Page 191 - Jewish Book Annual Volume 25

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Press, 1966). H e gives convincing proof that synagogue mosaics,
such as Beth Alpha, are undoubtedly rooted in rug designs or
perhaps in pattern books for either textiles or mosaics. T h e inter-
pretation of the portal motif on the Torah ark of the mosaic
is particularly important to him. Bringing together a rich array
of scattered source material, he tries to demonstrate that both
doors of the Torah ark on the upper panel of the mosaic are
“derived from the basic motif of the door as an embodiment o f
the celestial sphere and as the entrance to the dwelling place of
the D iv ine .” Hence, when in their prayers the worshippers
looked to the significant doors on the Torah ark, “they d id not
face death, but rather the fulness of life dedicated to the Law.”
A lthough these studies have greatly enriched our knowledge
of these synagogue mosaic floors, we still do not know the precise
Jewish meaning of the signs of the zodiac and such symbols on
the mosaic floors as the two menorot and the incense shovel.
utm a n n
— R
ew ish
Illuminated, Hebrew Manuscripts
Much research has been devoted in recent years to the illumi-
nated Hebrew manuscripts of medieval Christian Europe. A
brief introductory survey of the many fascinating aspects of this
still to be explored field w ill be found in my
Im ages o f the J ew •
ish Past: A n In tr o d u c t io n to M e d ie v a l H eb r ew M in ia tu r e s
York, Society of Jewish Bibliophiles, 1965). These manuscripts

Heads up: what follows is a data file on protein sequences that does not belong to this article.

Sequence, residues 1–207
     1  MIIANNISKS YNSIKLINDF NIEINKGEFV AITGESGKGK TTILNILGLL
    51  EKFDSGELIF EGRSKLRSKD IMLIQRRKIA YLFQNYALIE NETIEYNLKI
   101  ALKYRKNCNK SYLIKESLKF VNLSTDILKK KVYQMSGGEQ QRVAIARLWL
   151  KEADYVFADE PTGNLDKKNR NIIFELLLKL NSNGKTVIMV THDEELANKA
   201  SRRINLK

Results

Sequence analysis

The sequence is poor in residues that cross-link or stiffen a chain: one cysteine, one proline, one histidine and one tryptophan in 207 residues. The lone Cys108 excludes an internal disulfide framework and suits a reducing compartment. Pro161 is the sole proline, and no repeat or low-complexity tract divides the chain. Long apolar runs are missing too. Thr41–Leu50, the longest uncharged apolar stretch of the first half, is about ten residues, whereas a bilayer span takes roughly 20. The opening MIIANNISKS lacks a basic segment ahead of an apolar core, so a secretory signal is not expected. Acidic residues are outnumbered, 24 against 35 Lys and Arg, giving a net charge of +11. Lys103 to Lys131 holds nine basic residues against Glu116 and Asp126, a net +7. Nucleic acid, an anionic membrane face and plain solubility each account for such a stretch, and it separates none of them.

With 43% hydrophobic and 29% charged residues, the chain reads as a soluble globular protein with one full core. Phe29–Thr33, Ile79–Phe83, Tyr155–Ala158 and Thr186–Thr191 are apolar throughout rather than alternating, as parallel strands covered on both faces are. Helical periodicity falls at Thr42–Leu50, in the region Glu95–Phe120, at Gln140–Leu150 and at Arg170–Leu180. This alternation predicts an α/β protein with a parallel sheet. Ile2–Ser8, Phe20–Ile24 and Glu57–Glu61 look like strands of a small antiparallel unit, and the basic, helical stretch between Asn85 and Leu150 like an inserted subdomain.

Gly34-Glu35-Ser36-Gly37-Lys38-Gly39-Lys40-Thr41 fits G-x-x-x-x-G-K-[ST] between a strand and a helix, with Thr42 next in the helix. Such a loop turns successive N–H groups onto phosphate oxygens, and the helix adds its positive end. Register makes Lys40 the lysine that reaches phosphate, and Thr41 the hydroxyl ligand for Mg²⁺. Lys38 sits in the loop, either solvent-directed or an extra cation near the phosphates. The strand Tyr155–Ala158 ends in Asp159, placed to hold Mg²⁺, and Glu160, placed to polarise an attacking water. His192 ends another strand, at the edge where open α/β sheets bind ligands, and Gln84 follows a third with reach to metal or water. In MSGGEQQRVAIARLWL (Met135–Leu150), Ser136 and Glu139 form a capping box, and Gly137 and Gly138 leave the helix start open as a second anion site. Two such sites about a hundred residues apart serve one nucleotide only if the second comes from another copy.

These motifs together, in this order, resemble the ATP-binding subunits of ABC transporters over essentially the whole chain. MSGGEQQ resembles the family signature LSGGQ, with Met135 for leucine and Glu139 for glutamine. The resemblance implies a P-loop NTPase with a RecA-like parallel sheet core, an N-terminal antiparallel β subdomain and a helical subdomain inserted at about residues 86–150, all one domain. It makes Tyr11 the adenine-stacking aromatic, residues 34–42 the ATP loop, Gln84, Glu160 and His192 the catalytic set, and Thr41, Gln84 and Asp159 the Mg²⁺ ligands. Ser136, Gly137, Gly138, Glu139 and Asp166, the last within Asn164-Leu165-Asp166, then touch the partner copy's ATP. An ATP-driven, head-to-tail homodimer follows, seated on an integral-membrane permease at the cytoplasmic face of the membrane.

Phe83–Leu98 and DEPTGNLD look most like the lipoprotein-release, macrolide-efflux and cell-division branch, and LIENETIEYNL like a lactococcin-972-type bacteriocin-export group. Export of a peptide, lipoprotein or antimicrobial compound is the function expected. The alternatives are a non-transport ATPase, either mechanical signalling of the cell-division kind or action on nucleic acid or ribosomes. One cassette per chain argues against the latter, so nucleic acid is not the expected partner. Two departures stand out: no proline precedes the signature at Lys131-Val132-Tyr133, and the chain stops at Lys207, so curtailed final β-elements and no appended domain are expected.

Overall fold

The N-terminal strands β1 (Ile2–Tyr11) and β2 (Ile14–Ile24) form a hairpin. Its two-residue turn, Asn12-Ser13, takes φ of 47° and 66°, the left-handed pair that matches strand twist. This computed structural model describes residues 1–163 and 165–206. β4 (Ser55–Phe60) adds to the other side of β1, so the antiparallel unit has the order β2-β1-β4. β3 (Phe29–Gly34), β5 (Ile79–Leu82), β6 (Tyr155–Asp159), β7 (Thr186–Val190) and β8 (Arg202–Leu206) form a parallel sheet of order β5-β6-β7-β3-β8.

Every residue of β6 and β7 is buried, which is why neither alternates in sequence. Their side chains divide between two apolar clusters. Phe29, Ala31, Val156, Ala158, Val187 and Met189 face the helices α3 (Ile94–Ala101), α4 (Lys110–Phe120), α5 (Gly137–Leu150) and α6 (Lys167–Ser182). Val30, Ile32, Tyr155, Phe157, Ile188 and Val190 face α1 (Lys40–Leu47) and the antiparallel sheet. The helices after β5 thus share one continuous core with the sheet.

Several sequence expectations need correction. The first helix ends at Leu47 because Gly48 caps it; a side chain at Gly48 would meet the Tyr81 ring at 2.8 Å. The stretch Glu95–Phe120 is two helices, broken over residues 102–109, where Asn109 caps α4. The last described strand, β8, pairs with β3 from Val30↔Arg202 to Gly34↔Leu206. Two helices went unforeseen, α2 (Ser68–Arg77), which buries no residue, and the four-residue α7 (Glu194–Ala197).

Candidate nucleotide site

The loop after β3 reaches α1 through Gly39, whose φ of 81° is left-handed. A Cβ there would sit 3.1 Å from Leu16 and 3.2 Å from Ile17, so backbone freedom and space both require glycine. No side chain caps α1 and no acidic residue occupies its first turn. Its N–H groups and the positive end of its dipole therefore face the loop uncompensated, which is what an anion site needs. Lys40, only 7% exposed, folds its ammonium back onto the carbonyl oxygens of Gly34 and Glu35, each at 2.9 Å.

come predominantly from Germany, Spain and Italy and date
from the early 13th century on. Facsimile reproductions of three
medieval Haggadot have recently appeared—
T h e K au fm an n Hag-
(Budapest, Hungarian Academy of Sciences, 1957) of late
14th-century Spain with an introduction by Alexander Scheiber;
the famous
Sara jevo H aggadah
of mid-14th-century Spain with
an introductory essay by Cecil Roth (New York, Harcourt, Brace
and World, 1963), and
T h e B ird s H e a d H aggada
Tarshish Books, 1966), one of the earliest Haggadot from medie-
val Germany, dating around 1300. Th is last Haggadah is mag-
nificently reproduced and comes very close to approximating the
original. The same can also be said of the first mahzor to be
reproduced in facsimile, the
M ach so r L ip s ia e
(Edition Leipzig,
1964). Th is early 14th-century facsimile reproduction is greatly
enhanced by the excellent introductory essay by Bezalel Narkiss,
which objectively discusses the style and iconography o f the
Leipzig mahzor and of mahzor illustrations in general. T h e inter-
ested reader who wants to explore the field of Hebrew miniatures
further may consult “Th e Illuminated Medieval Passover Hag-
gadah; Investigations and Research Problems,” an essay of mine
S tu d ie s in B ib lio g ra p h y an d B o o k lo re
(VII [1965]), and he